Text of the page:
Designing better nestboxes: Double-walled and pale proves coolest under the sun
Pacific Conservation Biology
Context: Fauna nestboxes are used for conservation, research and mitigation against tree hollow/cavity loss. Scant attention has been given to the microclimate inside boxes until recently, with concern that nestboxes may be ineffective or a thermal trap because of high internal temperatures during summer. Aim: Our study used construction design principles to guide modifications to nestboxes to reduce maximum temperatures inside boxes. Methods: Five trials were undertaken, and modifications included addition of thermal mass, creation of a double wall system and painting the box and/or outer wall white. Nestboxes were placed in full sun. Key results: The internal temperature difference from ambient between the worst (unpainted box) and the best box design was around 7°C at 30°C, and 9.5°C at 40°C. Painting boxes white had a marked impact on internal temperatures, but the single modification giving most protection from heat gain was construction of a ventilated double wall. This created a shaded air space around the internal box. Painting the outer layer white further improved insulation, and painting both the box and outer layer gave the best result. Conclusion: Double-walled, pale nestboxes can provide significant protection from solar heat. Implications Adding an air space to insulate a nestbox has considerable advantages over alternatives - it contributes little weight (compare using denser wood/materials); avoids environmental issues associated with insulators such as polystyrene or foil batts; is inexpensive; is easy to retrofit a second layer around existing boxes and it should improve nestbox longevity as the outer layer protects the inner box from weathering.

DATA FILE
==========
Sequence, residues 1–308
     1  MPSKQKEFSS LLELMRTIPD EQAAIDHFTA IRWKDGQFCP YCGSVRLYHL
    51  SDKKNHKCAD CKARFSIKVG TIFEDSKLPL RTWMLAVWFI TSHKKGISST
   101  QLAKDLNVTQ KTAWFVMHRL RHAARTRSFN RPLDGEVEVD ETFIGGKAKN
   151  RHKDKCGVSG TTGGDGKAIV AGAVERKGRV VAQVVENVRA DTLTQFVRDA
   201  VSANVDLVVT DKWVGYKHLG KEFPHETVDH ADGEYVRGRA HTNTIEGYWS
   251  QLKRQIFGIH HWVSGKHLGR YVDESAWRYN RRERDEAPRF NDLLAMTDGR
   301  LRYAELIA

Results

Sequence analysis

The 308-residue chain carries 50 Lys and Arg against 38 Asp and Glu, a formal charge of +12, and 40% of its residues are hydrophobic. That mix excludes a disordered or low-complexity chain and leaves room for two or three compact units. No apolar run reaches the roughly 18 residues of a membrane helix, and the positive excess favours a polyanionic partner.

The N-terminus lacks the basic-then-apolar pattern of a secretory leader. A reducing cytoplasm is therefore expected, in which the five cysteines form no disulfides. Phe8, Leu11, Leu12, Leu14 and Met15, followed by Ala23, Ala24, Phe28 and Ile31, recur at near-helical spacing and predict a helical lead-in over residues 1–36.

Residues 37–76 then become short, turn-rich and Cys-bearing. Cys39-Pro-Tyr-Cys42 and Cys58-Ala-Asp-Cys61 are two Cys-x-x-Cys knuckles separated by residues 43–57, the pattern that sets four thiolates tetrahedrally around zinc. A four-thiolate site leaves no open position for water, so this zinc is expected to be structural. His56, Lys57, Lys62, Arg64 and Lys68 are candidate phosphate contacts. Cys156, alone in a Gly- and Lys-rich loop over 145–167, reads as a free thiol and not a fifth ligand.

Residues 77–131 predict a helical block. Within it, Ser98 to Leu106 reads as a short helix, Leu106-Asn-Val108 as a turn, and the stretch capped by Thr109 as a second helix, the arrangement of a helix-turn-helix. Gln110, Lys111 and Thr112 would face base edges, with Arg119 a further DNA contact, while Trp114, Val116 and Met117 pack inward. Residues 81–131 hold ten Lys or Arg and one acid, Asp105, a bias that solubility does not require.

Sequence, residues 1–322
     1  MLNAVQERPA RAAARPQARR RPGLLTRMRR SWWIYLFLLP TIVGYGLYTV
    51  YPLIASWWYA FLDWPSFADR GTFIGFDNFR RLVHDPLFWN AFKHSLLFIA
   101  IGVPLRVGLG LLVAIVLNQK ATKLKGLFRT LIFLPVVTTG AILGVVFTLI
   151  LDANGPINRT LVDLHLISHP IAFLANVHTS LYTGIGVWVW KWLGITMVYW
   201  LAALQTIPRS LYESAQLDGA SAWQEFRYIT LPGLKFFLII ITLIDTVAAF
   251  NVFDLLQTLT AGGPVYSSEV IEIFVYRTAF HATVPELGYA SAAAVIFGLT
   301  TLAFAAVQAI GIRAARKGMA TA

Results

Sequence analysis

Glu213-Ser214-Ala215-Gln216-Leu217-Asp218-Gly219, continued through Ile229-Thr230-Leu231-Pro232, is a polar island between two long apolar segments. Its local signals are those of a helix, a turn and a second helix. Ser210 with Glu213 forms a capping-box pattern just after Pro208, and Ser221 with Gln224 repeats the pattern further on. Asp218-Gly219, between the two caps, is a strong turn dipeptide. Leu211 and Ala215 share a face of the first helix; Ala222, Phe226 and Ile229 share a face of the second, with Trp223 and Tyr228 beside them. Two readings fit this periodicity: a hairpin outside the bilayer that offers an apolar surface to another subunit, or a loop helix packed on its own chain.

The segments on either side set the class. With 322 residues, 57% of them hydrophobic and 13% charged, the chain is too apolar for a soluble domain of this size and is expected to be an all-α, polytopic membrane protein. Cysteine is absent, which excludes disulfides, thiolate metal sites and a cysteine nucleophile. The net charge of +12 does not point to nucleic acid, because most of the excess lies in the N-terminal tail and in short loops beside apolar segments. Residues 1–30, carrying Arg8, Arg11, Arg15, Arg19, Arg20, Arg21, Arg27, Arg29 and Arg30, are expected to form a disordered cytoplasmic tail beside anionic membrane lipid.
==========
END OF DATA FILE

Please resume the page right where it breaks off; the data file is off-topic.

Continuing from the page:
Open Access Status
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